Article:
CCW-Profile: Ferrari 512 S Moduloby Rainer Selzer
- January 18, 2020
- Posted by Marc Enger
With the increasing popularity of unitary chassis in the 1950s and 1960s, the demand for custom coachbuilding decreased. Especially in the high-end segment these had traditionally played a major role, but by the end of the 1960s the days were numbered for most of them. Many were incorporated by the car manufacturers they had traditionally worked for like Mulliner, Ghia and Scaglietti. Others were turned around into independent design studios that penned production and concept cars for others. The creativity previously used for lavish one-offs was now put to use for stunning show cars.
One of the most prominent of these independent design studios is the Italian Pininfarina. The Turin based company has been responsible for most of Ferrari production cars of the last fifty years, but have also debuted some stunning concepts on a wide variety of chassis. In the second half of the 1960s Alfa Romeo and Ferrari mid-engined racing car chassis formed the basis of some of their finest work. Show cars like the Alfa Romeo 33 Pininfarina Speciale and the Ferrari P5 showcased that the relatively new mid-engined layout allowed for very aggressive, yet elegant designs.
At the 1970 Geneve Motorshow the coachbuilder unveiled the last of the series of mid-engined studies. Dubbed the Modulo, it was based on one of the 25 512 S racers Ferrari built for homologation purposes. Over this racing chassis Pininfarina very tightly draped a squarish and ultra-low body. All wheels were partly covered, which made it impossible to turn the front wheels. One of the most striking features is the canopy style roof that slides forward to allow access to the cabin. The 550 bhp V12 engine could be admired through 24 big holes in the engine cover.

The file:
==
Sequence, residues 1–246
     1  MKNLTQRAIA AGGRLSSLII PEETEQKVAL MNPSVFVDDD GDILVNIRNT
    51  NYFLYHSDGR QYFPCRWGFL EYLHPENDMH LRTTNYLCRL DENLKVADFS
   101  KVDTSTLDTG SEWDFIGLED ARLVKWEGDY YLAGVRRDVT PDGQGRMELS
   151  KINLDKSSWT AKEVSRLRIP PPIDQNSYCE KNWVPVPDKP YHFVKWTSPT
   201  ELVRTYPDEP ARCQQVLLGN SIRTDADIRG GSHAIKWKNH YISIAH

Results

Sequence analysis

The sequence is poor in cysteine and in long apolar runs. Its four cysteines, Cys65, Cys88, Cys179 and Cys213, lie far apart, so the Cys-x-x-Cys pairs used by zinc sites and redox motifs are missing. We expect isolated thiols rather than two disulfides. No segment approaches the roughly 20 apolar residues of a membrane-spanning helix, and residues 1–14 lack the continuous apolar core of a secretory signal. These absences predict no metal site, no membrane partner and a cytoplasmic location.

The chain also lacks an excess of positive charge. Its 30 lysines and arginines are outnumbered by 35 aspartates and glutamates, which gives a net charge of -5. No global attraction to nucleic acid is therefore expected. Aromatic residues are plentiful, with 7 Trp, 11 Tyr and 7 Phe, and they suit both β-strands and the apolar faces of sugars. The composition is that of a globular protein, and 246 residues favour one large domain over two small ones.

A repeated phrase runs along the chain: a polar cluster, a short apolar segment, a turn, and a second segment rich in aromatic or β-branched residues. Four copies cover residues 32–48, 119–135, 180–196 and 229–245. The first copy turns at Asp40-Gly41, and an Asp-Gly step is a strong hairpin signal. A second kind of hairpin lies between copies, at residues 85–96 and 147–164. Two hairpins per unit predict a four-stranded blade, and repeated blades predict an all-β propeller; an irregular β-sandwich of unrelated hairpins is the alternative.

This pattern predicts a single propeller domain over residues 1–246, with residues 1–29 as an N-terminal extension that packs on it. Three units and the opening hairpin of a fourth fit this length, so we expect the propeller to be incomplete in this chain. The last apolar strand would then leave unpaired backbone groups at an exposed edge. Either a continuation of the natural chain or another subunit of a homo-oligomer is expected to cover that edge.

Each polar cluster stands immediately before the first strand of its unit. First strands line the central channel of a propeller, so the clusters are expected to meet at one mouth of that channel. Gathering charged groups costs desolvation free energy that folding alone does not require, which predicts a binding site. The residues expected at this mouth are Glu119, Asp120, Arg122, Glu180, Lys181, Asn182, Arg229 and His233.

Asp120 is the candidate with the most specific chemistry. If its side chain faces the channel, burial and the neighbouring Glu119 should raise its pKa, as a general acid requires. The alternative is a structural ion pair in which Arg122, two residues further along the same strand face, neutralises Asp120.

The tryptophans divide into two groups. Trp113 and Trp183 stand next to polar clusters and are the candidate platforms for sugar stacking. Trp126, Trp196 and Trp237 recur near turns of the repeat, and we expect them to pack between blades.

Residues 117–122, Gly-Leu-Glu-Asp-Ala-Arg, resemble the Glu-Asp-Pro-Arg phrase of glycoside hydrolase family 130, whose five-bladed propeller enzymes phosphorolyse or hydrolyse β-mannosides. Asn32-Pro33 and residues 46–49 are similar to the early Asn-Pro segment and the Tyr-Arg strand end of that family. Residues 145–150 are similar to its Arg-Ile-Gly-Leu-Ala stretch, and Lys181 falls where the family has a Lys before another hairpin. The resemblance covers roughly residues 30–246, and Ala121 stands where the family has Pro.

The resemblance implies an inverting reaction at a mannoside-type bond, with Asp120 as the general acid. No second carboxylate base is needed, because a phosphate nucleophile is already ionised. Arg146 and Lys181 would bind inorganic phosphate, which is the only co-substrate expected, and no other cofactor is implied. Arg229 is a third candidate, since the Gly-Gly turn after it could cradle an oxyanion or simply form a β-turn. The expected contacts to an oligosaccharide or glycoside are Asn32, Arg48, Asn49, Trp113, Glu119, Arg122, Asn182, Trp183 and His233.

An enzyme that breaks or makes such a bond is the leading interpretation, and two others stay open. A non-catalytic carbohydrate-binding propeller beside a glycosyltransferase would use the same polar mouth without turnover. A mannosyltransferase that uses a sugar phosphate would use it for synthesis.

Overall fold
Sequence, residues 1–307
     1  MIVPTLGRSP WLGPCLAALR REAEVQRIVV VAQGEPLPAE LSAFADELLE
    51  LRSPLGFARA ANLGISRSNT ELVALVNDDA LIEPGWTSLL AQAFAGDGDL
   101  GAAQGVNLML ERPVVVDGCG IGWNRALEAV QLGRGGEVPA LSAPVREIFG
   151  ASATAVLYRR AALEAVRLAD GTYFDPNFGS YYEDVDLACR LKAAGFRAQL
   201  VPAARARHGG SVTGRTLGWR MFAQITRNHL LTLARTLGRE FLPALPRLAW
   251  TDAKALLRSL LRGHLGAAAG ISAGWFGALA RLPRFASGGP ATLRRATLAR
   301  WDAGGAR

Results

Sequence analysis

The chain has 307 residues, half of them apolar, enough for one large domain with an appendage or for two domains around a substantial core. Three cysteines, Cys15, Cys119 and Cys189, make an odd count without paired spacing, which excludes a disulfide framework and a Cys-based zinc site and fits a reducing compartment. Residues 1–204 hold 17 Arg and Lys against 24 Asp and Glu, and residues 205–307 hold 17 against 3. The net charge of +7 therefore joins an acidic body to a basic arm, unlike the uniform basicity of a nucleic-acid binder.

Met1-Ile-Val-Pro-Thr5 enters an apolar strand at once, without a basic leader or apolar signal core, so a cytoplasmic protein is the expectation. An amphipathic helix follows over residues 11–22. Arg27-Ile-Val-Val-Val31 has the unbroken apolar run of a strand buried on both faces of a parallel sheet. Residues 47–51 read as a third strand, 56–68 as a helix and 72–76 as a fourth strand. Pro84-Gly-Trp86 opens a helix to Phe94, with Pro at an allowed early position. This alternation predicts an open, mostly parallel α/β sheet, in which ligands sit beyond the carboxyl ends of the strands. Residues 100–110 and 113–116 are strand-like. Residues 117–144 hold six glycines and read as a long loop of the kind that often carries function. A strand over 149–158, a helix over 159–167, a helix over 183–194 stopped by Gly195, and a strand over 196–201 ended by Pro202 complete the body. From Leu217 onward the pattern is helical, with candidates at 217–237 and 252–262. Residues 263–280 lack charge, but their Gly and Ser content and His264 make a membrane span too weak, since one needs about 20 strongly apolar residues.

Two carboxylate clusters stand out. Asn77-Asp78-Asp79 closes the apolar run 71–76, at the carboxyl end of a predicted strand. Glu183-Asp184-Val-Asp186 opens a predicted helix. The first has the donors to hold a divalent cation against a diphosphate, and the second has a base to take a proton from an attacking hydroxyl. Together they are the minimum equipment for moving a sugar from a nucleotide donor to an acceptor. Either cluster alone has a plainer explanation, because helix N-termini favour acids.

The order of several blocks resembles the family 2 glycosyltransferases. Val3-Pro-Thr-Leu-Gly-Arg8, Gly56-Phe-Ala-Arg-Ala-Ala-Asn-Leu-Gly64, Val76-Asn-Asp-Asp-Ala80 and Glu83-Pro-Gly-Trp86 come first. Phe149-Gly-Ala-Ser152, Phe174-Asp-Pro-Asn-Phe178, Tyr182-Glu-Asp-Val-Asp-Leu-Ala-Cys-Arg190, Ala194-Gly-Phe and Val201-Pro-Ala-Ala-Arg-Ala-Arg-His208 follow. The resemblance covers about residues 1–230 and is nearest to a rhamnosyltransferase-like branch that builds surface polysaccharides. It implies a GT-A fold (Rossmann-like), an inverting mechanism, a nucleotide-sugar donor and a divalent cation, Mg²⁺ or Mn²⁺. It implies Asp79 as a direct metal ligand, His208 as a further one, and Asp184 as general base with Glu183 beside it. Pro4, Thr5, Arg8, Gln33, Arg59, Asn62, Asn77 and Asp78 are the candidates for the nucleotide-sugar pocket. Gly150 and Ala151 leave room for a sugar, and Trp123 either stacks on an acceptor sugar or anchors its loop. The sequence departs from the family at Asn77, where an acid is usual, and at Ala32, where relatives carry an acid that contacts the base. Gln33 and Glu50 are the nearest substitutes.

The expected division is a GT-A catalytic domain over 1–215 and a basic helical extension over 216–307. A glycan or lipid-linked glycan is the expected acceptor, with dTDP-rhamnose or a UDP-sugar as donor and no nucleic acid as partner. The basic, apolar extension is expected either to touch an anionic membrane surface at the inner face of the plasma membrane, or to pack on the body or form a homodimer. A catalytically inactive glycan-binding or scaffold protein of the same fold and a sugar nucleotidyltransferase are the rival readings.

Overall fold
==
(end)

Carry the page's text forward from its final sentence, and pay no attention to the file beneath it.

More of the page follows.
Pininfarina received universal acclaim and multiple awards for the striking concept that still dazzles the crowds 35 years after its launch. Like many concept cars the Modulo was a sign of things to come from Pininfarina and Ferrari. The show car’s profile and details like the front lights found their way on the 365 GT4/BB production car launched a few years later. Pininfarina retained the car and has showcased it on numerous events allowing many generations to appreciate the exceptional design.
In Pininfarina’s 75th anniversary celebrations the Modulo again took centre stage. With the Birdcage 75th Concept the design studio not only celebrated its birthday, but also paid tribute to one of their finest designs. The one-off Ferrari is seen here on display at the Villa d’Este Concours d’Elegance in April 2005 and in August of that same year at the Pebble Beach Concours d’Elegance.
About our photographer Rainer Selzer
Rainer Selzer is always ready for a big shot and is focused on historic motorsport.
He is working with us for over three years and visits motorsport events, classic car meetings or car museums. Follow him on instagram @rs65photos or visit his homepage www.rs65photos.com for more!